Return previously set arbitrary data of this object with the given key. Read more

Retrieve previously set arbitrary data of this object with the given key. Read more

Set arbitrary data on this object with the given key. Read more

Return previously set arbitrary data of this object with the given key. Read more

Retrieve previously set arbitrary data of this object with the given key. Read more

Block a given signal handler. Read more

Unblock a given signal handler.

Stop emission of the currently emitted signal.

Stop emission of the currently emitted signal by the (possibly detailed) signal name.

Similar to Self::connect but fails instead of panicking.

Connect to the signal signal_name on this object. Read more

Similar to Self::connect_id but fails instead of panicking.

Connect to the signal signal_id on this object. Read more

Similar to Self::connect_local but fails instead of panicking.

Connect to the signal signal_name on this object. Read more

Similar to Self::connect_local_id but fails instead of panicking.

Connect to the signal signal_id on this object. Read more

Similar to Self::connect_unsafe but fails instead of panicking.

Connect to the signal signal_name on this object. Read more

Similar to Self::connect_unsafe_id but fails instead of panicking.

Similar to Self::connect_closure but fails instead of panicking.

Connect a closure to the signal signal_name on this object. Read more

Similar to Self::connect_closure_id but fails instead of panicking.

Connect a closure to the signal signal_id on this object. Read more

Limits the lifetime of closure to the lifetime of the object. When the object’s reference count drops to zero, the closure will be invalidated. An invalidated closure will ignore any calls to Closure::invoke. Read more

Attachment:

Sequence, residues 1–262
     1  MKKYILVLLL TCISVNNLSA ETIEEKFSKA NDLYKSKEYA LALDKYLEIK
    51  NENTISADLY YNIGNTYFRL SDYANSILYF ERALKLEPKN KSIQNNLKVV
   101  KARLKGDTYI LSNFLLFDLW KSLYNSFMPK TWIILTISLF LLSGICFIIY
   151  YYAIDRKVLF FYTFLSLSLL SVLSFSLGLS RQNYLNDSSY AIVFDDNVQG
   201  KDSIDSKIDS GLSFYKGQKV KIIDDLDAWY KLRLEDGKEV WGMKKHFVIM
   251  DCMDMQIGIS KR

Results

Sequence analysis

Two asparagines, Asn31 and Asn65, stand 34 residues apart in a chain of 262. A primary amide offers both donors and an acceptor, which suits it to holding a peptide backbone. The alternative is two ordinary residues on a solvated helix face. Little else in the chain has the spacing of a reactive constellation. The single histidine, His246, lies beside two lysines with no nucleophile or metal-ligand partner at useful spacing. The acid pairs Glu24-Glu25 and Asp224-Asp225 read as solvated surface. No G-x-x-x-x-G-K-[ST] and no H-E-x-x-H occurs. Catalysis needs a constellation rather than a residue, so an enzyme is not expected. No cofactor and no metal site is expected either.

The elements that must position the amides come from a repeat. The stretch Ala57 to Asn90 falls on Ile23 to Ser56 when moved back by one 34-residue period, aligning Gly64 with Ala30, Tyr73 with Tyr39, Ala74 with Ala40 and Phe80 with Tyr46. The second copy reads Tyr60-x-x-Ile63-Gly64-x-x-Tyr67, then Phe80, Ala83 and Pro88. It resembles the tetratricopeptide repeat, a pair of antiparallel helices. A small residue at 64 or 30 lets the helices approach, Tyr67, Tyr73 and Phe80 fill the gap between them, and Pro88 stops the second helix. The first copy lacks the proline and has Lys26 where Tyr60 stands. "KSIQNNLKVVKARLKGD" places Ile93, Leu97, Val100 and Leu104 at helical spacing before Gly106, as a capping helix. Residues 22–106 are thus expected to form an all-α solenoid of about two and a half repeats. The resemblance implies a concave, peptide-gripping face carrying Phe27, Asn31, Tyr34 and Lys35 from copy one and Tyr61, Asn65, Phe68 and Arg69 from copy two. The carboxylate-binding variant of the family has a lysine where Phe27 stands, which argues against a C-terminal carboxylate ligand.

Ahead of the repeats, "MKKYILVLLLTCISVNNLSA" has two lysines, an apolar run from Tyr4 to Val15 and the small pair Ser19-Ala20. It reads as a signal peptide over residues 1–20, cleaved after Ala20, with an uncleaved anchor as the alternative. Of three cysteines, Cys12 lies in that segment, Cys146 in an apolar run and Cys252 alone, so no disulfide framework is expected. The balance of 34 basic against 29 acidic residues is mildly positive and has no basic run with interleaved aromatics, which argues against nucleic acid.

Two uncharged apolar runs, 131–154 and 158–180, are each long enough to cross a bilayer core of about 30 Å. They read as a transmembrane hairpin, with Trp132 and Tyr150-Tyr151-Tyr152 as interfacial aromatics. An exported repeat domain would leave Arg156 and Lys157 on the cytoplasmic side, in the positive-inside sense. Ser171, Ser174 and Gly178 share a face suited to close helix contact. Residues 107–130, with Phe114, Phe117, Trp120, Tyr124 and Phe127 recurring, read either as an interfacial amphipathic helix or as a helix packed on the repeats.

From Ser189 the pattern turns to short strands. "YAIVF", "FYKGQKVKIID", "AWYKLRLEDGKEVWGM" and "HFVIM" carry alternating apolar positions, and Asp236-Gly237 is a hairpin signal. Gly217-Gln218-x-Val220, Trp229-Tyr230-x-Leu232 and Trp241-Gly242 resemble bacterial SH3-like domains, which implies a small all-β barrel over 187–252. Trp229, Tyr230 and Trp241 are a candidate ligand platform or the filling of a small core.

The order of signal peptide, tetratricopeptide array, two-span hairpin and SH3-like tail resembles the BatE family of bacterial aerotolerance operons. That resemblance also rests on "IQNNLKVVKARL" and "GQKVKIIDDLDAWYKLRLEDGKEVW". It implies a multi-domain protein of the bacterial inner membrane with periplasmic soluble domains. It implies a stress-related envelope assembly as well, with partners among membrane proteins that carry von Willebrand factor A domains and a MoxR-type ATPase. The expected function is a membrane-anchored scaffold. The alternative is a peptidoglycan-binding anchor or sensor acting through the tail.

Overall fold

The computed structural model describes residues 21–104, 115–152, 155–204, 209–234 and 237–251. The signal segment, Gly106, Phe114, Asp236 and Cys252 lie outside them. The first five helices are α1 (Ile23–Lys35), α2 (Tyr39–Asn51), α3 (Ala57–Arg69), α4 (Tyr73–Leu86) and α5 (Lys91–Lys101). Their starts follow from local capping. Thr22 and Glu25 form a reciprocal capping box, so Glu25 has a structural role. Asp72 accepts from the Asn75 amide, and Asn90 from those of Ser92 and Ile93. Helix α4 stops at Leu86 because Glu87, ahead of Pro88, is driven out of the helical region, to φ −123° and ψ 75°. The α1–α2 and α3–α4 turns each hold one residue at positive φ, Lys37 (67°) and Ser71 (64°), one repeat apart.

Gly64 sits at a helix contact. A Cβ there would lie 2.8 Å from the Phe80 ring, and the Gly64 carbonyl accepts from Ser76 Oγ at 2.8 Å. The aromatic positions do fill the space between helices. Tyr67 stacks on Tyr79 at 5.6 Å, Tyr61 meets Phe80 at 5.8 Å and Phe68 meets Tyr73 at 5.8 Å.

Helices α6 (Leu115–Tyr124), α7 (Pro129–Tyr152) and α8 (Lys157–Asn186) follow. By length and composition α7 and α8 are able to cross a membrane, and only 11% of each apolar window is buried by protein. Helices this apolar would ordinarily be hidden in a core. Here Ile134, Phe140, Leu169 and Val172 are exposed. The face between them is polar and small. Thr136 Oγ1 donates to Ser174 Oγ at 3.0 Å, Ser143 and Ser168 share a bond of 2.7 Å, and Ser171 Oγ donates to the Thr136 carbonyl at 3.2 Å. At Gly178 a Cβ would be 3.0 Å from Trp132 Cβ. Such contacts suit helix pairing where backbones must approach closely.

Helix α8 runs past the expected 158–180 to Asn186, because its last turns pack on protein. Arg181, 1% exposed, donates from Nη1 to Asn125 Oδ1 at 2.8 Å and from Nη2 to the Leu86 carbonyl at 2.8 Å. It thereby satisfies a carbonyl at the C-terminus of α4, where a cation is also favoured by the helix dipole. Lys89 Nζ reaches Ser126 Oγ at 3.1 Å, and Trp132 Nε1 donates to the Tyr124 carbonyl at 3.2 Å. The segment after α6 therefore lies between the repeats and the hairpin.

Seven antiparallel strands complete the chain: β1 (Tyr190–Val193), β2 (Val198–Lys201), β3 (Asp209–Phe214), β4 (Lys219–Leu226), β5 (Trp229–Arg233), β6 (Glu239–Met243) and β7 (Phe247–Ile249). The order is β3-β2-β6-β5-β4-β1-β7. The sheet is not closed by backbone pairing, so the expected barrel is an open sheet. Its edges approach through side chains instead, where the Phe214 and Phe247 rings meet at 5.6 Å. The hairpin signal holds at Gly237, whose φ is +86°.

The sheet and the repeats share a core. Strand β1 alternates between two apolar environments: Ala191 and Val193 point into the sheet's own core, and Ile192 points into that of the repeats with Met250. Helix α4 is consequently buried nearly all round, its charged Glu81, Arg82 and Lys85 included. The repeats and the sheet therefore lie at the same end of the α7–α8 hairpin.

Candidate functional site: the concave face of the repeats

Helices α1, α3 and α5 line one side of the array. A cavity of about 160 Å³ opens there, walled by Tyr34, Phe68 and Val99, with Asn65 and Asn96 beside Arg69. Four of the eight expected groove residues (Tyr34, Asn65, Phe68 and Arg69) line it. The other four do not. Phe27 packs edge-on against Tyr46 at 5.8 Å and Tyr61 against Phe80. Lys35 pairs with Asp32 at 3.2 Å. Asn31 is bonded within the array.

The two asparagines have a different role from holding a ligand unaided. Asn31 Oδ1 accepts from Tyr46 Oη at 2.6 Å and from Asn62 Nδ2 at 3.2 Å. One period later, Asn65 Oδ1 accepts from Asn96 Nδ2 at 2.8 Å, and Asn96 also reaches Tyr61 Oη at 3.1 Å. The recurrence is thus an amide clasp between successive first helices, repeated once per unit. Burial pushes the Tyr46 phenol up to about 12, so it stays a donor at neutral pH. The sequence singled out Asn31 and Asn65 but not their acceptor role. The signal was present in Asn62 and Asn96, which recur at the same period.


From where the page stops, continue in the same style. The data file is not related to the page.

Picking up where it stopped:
Connect to the signal signal_id on this object. Read more

Similar to Self::emit but fails instead of panicking.

Emit signal by signal id. Read more

Similar to Self::emit_with_values but fails instead of panicking.

Same as Self::emit but takes Value for the arguments.

Similar to Self::emit_by_name but fails instead of panicking.

Emit signal by its name. Read more

Similar to Self::emit_by_name_with_values but fails instead of panicking.

Emit signal by its name. Read more

Similar to Self::emit_with_details but fails instead of panicking.

Emit signal by signal id with details. Read more

Similar to Self::emit_with_details_and_values but fails instead of panicking.

Emit signal by signal id with details. Read more

Disconnect a previously connected signal handler.

Connect to the notify signal of the object. Read more

Connect to the notify signal of the object. Read more

Connect to the notify signal of the object. Read more

Notify that the given property has changed its value. Read more

Notify that the given property has changed its value. Read more

Downgrade this object to a weak reference.

Bind property source_property on this object to the target_property on the target object. Read more

Returns the strong reference count of this object.

The resulting type after obtaining ownership.

Creates owned data from borrowed data, usually by cloning. Read more

🔬 This is a nightly-only experimental API. (toowned_clone_into)

Uses borrowed data to replace owned data, usually by cloning. Read more

Returns a SendValue clone of self.

Converts the given value to a String. Read more

The type returned in the event of a conversion error.

Performs the conversion.

The type returned in the event of a conversion error.

Performs the conversion.